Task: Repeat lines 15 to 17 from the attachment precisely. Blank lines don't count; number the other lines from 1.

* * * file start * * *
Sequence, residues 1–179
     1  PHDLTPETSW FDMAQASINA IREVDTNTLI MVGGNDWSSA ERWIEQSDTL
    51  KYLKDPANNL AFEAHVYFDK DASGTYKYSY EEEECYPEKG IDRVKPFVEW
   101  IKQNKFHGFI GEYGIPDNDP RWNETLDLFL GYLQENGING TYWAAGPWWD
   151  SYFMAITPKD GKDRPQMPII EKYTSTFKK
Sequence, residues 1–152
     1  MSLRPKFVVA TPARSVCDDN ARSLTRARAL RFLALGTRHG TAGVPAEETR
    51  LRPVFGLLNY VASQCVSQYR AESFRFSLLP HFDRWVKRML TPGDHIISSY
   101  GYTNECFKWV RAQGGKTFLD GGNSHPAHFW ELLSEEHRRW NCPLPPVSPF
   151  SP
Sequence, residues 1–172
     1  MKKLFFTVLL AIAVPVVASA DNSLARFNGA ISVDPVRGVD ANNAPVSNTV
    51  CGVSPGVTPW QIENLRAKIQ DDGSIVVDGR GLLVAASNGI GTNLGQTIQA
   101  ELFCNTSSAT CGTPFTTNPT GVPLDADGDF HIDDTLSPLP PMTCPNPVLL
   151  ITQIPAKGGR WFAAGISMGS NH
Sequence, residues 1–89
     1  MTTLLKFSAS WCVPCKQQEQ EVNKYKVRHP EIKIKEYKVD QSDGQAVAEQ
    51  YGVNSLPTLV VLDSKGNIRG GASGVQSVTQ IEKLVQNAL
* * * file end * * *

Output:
   151  ITQIPAKGGR WFAAGISMGS NH
Sequence, residues 1–89
     1  MTTLLKFSAS WCVPCKQQEQ EVNKYKVRHP EIKIKEYKVD QSDGQAVAEQ